The state tax credit is a major incentive to install solar photovoltaic systems, and eliminating or reducing them would drive Hawaii homeowners away from using the sun to power their homes. At least that is what a recent survey by the Blue Planet Foundation suggests. Maui News.

A string of drownings across all Hawaii islands have put a new focus on ocean safety, especially targeted at tourists. Hawaii Public Radio.

State roundup for April 15. Associated Press.


Key members of the City Council are taking steps to tighten the rules for filling vacant job positions so that city agencies cannot spend the money on other purposes. Too much is being diverted to pay for such things as mileage expenses and cashing out unused vacation pay for retiring employees, says Councilman Ikaika Anderson. Star-Advertiser.

A lag in processing tax returns led to Honolulu's rail project receiving $33 million less than it anticipated in the first half of this fiscal year — even though state GET collections are up this year, state Department of Taxation officials say. Star-Advertiser.

On Thursday, the 10-member HART board gave Dan Grabauskas a $35,000 bonus as part of his first annual performance review, boosting his overall pay for the year from $245,000 to $280,000. He also gets $42,000 for housing and transportation. Civil Beat.

One of the most controversial decisions by the city’s rail authority was to award a contract to build the elevated steel on steel rail trains to the financially troubled Italian company Ansaldo. The city’s HART CEO Dan Grabauskas maintained in a University of Hawaii student forum this week that the company was the best choice to design, build, operate and maintain Oahu’s $5.2 billion system. Hawaii Reporter.

The Diamond Head State Monument Foundation is holding a public meeting on Wednesday to discuss the proposed nomination of scenic roadways encircling Diamond Head as a designated "Hawaii Scenic Byway." Star-Advertiser.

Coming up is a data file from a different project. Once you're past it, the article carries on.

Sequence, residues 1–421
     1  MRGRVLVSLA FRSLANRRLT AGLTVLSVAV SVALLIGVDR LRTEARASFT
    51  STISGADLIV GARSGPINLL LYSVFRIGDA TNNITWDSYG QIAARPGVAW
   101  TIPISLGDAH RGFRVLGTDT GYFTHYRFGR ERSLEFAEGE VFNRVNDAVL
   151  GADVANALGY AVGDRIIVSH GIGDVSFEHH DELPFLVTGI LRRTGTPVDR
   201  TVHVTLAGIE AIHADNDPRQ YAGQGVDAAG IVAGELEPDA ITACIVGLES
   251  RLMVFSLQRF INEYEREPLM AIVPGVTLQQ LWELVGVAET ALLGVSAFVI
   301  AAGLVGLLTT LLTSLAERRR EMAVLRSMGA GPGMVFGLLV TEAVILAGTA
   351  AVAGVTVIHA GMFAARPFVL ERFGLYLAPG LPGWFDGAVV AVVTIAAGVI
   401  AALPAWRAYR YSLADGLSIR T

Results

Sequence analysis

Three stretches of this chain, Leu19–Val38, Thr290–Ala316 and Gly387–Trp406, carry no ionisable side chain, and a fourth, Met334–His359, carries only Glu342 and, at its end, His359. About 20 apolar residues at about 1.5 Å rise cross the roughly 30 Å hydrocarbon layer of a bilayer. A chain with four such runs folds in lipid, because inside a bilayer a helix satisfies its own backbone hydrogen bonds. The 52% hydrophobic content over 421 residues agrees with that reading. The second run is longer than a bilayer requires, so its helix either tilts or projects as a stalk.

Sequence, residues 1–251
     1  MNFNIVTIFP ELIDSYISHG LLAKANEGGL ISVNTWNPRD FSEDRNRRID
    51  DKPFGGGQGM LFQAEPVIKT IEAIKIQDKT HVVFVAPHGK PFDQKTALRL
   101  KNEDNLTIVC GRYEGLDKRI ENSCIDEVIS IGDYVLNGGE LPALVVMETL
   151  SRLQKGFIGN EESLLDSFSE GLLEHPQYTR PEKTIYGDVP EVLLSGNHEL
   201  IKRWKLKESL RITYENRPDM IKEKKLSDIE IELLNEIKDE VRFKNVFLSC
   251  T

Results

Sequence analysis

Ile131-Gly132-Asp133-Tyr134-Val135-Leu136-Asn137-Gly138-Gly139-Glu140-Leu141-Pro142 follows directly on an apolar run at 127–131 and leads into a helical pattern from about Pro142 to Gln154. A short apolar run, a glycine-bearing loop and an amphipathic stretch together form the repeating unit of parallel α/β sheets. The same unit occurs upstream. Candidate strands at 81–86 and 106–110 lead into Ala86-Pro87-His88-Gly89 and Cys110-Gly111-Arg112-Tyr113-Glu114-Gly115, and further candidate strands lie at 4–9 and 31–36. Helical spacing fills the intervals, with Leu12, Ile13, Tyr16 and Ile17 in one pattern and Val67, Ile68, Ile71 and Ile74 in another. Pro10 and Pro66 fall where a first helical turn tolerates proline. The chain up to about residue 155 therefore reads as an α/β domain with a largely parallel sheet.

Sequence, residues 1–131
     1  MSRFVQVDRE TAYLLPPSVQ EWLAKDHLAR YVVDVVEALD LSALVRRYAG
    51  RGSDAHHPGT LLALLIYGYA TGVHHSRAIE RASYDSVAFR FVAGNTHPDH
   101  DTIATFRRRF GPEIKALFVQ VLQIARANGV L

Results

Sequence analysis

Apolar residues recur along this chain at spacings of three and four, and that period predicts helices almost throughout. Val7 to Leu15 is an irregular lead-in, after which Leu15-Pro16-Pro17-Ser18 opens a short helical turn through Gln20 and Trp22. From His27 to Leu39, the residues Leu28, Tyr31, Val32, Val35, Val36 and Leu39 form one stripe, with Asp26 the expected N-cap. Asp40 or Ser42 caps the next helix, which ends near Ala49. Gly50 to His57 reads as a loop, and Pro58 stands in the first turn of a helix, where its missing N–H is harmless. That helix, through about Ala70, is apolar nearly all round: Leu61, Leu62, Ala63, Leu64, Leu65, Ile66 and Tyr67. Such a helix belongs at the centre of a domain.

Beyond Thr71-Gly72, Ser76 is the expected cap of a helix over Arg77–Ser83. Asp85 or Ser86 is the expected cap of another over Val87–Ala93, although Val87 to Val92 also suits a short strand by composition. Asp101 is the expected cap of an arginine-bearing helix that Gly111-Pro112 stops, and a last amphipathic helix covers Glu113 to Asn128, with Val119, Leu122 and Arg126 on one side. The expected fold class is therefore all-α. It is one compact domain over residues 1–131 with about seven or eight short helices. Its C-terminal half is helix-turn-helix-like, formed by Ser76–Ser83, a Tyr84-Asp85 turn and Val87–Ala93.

Hawaii County Council members weighed the ideas of seeking a general excise tax increase, a fuel tax increase or raising bus fares to help fund the county’s Mass Transit Agency. West Hawaii Today.

Hawaii County Councilwoman Margaret Wille had heard enough. Before noon on Friday, the third straight day of budget talks, the Kohala representative had grown tired of the cadre of department heads highlighting needs not met in the proposed budget, and decided it was time to speak her mind. Tribune-Herald.

The makers of Mehana and Hawaii Nui beer filed for bankruptcy this week and are seeking new ownership as part of a reorganizing plan to restructure its debts.  Big Island Now.

After years of delay, a project to improve the eastern portion of Kawaihae Small Boat Harbor is moving forward. West Hawaii Today.


The communities in Hawaii where you would most likely find tax cheats and audits are Lahaina and Kahului on Maui, according to a study by the National Taxpayer Advocate. Associated Press.

In Maui County, approximately 4,000 homeowners have installed solar PV systems, according to county officials. Only three out of 10 existing PV owners said they still would have switched to solar if there had been no tax credits.  Maui News.

A building in the Kenolio Recreational Complex in Kihei that was damaged by fire more than two years ago is expected to be repaired early next year, according to Department of Parks and Recreation Deputy Director Brianne Savage. Maui News.

Hawaii's Backyard: Healing energy surrounds clients at Maui retreat. Star-Advertiser.


Gov. Neil Abercrombie spent Friday on island, visiting school students and lending his support to the Kaua‘i Philippines Cultural Center and the Kaua‘i Raceway Park in the form of financial aid. Garden Island.

Donna Schultze has called Kaua‘i home for 41 years, so when she heard about a proposal that includes drilling a high-elevation well through Wai‘ale‘ale, she knew one thing: She didn’t like it. Garden Island.